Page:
– Antibiotic and antiviral properties (as a side note, please remember that most colds are caused by viruses – antibiotics will not help as they act to kill of bacteria, not viruses. So to anyone who pesters their GPs for antibiotics when they’ve got a cold, don’t do it! It won’t help you, and it might actually make matters worse for you and others in the long run due to bacteria becoming resistant to common antibiotics. You just need to wait it out. And eat some good, cold-busting food, of course).
– Antioxidant which helps to boost the immune system.
– The more you eat the less likely other people are to come near you, thus you won’t spread your cold to anyone else. Super!


– Contains cysteine, an amino acid which is supposed to help to thin out the mucous too.
– Good source of protein and vitamins, for replenishing some of that lost energy from all the coughing and sniffling!


– Also contains loads of antioxidants such as glutathione, helping the immune system and fighting some of the harmful effects of inflammation.
– Packed full of nutrients.

………..Basically, food is power! And as I like food, I’m quite happy to use these examples as a good excuse to eat more of wonderfully tasting food. This is another dish from Bill Granger, and it was pretty straightforward to make. We don’t own a pestle and mortar, but a good sturdy bowl and the end of a rolling pin did the job just fine!

Recipe (serves 4)

  • 3 cloves of garlic
  • 1 tsp turmeric
  • 2 large green chillies, diced
  • 2 lemongrass stalks, white part only, very finely sliced, or grated zest of 2 lemons
  • 1 tsp sea salt
  • 800g skinless chicken thigh fillets, cut into chunks
  • 3 tbsp light-flavoured oil
  • 2 celery sticks, cut into batons
  • 1 bunch of asparagus (about 200g), trimmed and halved
  • 2 tbsp fish sauce
  • 1 tbsp soy sauce
  • 2 tbsp lemon juice
  • 2 tsp granulated sugar
  • 3 spring onions, cut into batons
  • WHITE pepper

Pound the garlic, turmeric, chilli, lemongrass and salt to a paste in a pestle and mortar. Combine with the chicken in a bowl and mix well. Cover and put in the fridge for 10 minutes.

Heat a wok or large frying-pan over a high heat. Add half the oil and half the chicken and stir-fry for 2-3 minutes. Remove and repeat with the remaining oil and chicken.

Return the chicken to the wok, add the celery and asparagus and stir-fry for two minutes. Add the fish sauce, soy sauce, lemon juice, sugar, spring onion and some white pepper* and heat for a further minute. Serve immediately with steamed rice.

*Edit 27/10/2012: I cannot stress enough how important the white pepper is! We made this with both normal black peppercorn pepper and white pepper, and the white pepper completely transforms the dish and lifts the flavours.

Dorset Apple Cake

14 Oct


I have been very lucky this year, as a friend with whom I play football has a large apple tree in her family garden…and too many apples to know what to do with! So obviously, I was more than willing to take some off her hands.

This is a very straightforward apple cake, and it’s a lovely little cake to go with a nice cup of tea and a natter. It’s not a show stopper by any means, but it is a good, tasty, simple cake. Personally I think it would be nice served warm with a little bit of custard, but it’s also nice on it’s own.


Recipe (from BBC Good Food)

  • 450g cooking apples (such as Bramley)
  • juice of ½ lemon
  • 225g butter , softened
  • 280g golden caster sugar
  • 4 eggs
  • 2 tsp vanilla extract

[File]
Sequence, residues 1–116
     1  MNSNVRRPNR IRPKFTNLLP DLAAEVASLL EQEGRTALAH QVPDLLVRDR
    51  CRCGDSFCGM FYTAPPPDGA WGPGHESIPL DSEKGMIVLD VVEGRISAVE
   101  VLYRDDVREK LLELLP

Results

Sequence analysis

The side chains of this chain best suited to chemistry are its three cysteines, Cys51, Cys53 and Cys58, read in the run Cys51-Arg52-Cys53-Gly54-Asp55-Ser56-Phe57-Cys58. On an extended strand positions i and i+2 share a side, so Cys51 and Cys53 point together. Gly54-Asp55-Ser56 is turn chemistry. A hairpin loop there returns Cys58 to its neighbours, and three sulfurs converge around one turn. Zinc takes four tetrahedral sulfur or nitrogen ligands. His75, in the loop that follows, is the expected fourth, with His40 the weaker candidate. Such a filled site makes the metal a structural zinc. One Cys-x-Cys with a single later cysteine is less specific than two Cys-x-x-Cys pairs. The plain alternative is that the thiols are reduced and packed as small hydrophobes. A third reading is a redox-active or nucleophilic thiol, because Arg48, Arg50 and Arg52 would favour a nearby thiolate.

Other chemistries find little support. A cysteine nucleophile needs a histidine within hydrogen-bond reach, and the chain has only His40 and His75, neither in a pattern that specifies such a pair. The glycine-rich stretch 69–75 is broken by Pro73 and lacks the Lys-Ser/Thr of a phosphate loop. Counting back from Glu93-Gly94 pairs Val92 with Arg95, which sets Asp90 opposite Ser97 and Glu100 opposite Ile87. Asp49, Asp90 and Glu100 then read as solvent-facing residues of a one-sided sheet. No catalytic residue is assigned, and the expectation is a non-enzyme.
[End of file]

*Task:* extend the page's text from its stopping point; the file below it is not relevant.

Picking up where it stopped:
• 350g self-raising flour
  • 2 tsp baking powder
  • demerara sugar , to sprinkle
  1. Heat oven to 180C/fan 160C/gas 4. Butter and line a rectangular baking tin (approx 27cm x 20cm) with parchment paper. Peel, core and thinly slice the apples then squeeze the lemon juice over. Set to one side.
  2. Place the butter, caster sugar, eggs, vanilla, flour and baking powder into a large bowl and mix well until smooth. Spread half the mixture into the prepared tin. Arrange half the apples over the top of the mixture, then repeat the layers. Sprinkle over the demerara sugar.
  3. Bake for 45-50 mins until golden and springy to the touch. Leave to cool for 10 mins, then turn out of tin and remove paper. Cut into bars or squares.

Jamie Oliver’s butter beans and bacon

11 Oct

For some reason I absolutely love butter beans. I’m not entirely sure why, but every time I eat them, I love them a little bit more. The problem is, when I bought a tin of butter beans to actually cook myself, I had absolutely NO idea what to do with them. I’ve tried cooking them a few ways, but they always turn out really rather disappointing and bland. I was incredibly excited when my housemate cooked us dinner only to find that one of the sides she had knocked up had BUTTERBEANS in it! WIN! And they were absolutely delicious. Super easy to whip up, Jamie Oliver’s butter beans are part of his ‘super-fast beef hash, jacket potatoes, goddess salad, lovely butter beans and bacon’ 30 minute meal (let’s not start the debate as to whether or not his recipes are actually 30 minutes………), and they would be a great side for many meals. They were even really nice cold with some salad the next day!

If anyone has any other good recipes using butterbeans (which don’t entail soups!) please do share them as a comment below, I’d love some more inspiration.

(sorry again for the quality of the picture – I took it on my phone as the good camera was upstairs….and I was hungry….recurring theme…..ahem)

Recipe (serves 4, as a side)

  • 4 rashers of smoked streaky bacon, finely sliced
  • 2 tomatoes, chopped
  • 400g can of butter beans (plus juices)
  • red wine vinegar
  • 2 or 3 sprigs of fresh Greek basil or basil, leaves picked

Drizzle some olive oil into a hot pan and toss in the bacon. Fry up until golden and crispy (definitely make sure it’s golden, I didn’t when I cooked mine and it just didn’t have the same flavour).

On a high heat, add the tomatoes, butter beans (and juices) and simmer gently until the liquid reduces.

Add a good splash of the red wine vinegar, season, and scatter over the basil leaves.